Have you gotten your hands on the March edition of Your Baby mag? If you haven’t, I’d highly recommend that you do. Not only is this issue packed with interesting and relevant topics but it also comes with a fabulous free kids African Treehouse Kids CD, which Ava is currently enjoying singing along to in the car.

There are a couple of really cool features, one is the fabulous Mommy Bloggers section, where my blog was featured last month and Anita’s Blog was featured this month. There is also the new Great Debate.

This months Great Debate was on Sleep Training, of course, you ALL know how I feel about Sleep Training, so I was happy to participate as the For sleep training and Robyn represented the side against Sleep Training.

You can read the full debate here: sleep debate

You can also read the article on tips for sleep training here: sleep training

After reading both the article and the sleep debate, I wanted to clarify a couple of points and also add some tips of what worked for us:

Sleep training should not be used to try and get your baby to sleep through the night, they will do that by themselves and use them to guide you to show you when they are ready. Obviously, that only really applies to small babies who still require night time feeds, if they’re older or toddlers then the need to feed at night is no longer a concern. For us, Ava slept through the night for the first time at 6 weeks old and she did it a couple of times a week until she started sleeping through consistently from around 12 weeks.

Be clear on why you are sleep training. My intention was not to get Ava to sleep through the night but rather to teach her how to self soothe and also how to link her sleep cycles. She had almost no day time sleep routine and there were days when she’d stay awake, despite my best efforts, from 5am to 11pm. This would totally aggravate her night time routine as she was way over stimulated by this stage and I was completley shattered.

For us, the old cliche of good day time sleep begets good night time sleep is true. As soon as we had Ava’s  day time sleep sorted, the night time sleep quickly resolved too. This, I believe, is largely due to her learning how to link her sleep cycles so that she did not wake up out of habit in the middle of the night.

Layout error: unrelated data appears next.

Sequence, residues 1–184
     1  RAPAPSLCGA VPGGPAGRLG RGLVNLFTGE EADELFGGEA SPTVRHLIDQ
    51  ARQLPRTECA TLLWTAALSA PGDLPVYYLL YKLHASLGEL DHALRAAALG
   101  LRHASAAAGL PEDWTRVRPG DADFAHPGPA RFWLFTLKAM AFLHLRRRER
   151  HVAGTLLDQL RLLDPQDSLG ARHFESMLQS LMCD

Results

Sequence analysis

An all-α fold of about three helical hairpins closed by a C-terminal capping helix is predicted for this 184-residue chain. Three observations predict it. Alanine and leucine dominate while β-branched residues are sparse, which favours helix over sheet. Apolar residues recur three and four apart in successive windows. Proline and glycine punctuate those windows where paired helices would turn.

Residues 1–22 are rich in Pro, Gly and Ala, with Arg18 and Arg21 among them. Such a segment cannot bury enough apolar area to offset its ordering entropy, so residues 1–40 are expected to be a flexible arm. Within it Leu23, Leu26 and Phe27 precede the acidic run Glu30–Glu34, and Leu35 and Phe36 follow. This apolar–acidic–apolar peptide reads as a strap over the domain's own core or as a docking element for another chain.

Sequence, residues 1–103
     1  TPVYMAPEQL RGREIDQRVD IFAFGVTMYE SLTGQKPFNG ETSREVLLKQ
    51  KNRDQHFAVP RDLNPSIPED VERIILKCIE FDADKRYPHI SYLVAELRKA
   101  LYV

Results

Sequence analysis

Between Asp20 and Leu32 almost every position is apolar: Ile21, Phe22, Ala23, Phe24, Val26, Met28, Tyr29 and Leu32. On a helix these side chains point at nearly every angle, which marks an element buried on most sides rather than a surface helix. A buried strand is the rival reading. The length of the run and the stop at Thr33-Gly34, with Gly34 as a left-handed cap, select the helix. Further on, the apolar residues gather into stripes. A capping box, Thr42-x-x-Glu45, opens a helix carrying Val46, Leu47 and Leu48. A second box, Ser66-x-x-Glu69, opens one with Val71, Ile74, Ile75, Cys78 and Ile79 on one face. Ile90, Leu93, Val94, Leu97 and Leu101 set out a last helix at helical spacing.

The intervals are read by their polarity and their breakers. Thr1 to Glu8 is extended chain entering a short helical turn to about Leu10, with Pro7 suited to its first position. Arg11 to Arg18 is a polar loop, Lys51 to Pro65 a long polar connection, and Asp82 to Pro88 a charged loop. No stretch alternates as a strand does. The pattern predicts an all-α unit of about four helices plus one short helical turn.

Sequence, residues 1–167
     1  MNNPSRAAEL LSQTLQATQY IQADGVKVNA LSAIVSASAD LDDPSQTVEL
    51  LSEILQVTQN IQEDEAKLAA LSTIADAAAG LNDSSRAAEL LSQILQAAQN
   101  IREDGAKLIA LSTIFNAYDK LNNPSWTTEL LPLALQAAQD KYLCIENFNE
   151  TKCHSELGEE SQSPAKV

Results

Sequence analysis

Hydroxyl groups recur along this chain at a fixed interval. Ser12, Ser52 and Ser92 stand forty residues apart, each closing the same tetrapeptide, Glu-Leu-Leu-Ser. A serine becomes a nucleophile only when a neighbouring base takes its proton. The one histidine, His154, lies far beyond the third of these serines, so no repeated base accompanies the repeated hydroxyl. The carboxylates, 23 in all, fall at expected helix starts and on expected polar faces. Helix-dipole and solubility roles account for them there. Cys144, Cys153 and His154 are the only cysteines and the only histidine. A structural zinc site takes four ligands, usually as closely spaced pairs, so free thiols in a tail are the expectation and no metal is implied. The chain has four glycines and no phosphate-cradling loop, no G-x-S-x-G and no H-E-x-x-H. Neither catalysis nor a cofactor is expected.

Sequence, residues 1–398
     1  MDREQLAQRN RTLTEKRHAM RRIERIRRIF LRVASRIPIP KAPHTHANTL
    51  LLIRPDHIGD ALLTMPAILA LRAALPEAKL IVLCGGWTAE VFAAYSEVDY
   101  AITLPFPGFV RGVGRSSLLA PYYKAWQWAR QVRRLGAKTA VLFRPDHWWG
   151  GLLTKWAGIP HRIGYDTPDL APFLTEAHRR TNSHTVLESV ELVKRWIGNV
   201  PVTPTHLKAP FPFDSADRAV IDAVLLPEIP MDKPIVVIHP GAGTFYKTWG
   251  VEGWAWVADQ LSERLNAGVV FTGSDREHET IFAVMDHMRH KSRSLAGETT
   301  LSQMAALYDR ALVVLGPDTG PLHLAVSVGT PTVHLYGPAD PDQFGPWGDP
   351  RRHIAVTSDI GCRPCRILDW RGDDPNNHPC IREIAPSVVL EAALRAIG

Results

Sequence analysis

You must be able to remain calm and not get angry when you sleep train, Ava is very good at picking up on my non verbal communication so sleep training when I was frustrated, angry or anxious simply made her anxious. It has to be done in a calm and loving manner.

Find what works for you. I didn’t use any single method, but rather worked out what worked best for us by taking bits from Baby-Love, Sleep Sense and the Sleep Separation Technique from Super Nanny. My method involved holding her and rocking gently till she got drowsy, as soon as I recognized her sleepy ques I’d put her down in her cot to sleep. I did give her soothing aids, her dummy and her blankie, then I’d leave the room. If she started to cry, I’d wait a couple of minutes and go back into the room to resettle her. It was important to me that she always knew that she was not abandoned and that I would be there if she needed me, so I kept returning. Once I’d settled her, I’d leave the room again. If she continued to cry, I’d stay in her room, with my hand pressed firmly against her back so that she could feel I was still there, wait for her sleep ques and leave again. Rinse repeat till she fell asleep. We, thankfully only had to do this for two days before she was fully able to go to sleep by herself and the longest session where I had to rinse repeat was 45 minutes of alternating between a couple of minutes of crying and pressing my hand against her back.

You have to find what works for you and be committed to the process. I felt it was important to keep reinforcing the routine so that Ava would know what to expect and so that she never felt abandoned or unheard or confused by my erratic responses.

Ultimately, despite the judgement from some sectors of the mommy spectrum, sleep training, which SHOULD NOT be confused with cry it out,  worked fantastically for us and I will definitely do it when we have another child. I really don’t believe that sleep training is wrong or right. Of course, there are right ways of doing it, kind ways of doing it, it should not be your poor baby lying there screaming for hours on end but I refuse to judge mom’s who choose not to sleep train. Ultimately, we all have to do what works for us and I knew that I was returning to work and that I was not the type of person who would be able to spend years getting up at night to settle my child.

Ava is a wonderful sleeper now, even when she is sick, she sleeps and I put it all down to the time and effort that we put into teaching her how to link her sleep cycles, she will come to me now on weekends and tell me she wants to dudu in the afternoons.

I am hoping to have the same success with our second child.